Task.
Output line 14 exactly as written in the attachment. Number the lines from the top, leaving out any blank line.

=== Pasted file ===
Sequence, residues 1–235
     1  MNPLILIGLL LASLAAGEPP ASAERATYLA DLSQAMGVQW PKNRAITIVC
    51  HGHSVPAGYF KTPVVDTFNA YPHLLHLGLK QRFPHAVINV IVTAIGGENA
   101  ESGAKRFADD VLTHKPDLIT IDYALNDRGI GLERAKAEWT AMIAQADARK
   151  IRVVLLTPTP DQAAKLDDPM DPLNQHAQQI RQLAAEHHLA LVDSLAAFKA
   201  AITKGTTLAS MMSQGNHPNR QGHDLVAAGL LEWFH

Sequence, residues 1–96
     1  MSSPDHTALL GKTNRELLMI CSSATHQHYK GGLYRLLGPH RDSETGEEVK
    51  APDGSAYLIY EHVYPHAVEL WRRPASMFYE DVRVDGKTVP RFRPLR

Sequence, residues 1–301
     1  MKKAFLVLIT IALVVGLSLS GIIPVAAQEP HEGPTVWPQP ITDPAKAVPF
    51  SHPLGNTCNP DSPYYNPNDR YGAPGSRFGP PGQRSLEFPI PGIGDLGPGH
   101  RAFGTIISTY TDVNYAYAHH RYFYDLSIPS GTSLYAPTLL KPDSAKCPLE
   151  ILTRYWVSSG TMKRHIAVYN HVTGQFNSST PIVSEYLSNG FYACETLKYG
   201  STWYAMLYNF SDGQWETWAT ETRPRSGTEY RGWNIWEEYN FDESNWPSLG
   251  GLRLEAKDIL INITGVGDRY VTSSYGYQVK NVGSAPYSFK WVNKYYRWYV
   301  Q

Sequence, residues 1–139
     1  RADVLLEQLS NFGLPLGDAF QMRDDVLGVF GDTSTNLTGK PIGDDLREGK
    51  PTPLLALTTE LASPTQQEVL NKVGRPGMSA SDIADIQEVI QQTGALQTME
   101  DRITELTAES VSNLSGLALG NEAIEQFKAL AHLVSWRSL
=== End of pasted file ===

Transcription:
   151  ILTRYWVSSG TMKRHIAVYN HVTGQFNSST PIVSEYLSNG FYACETLKYG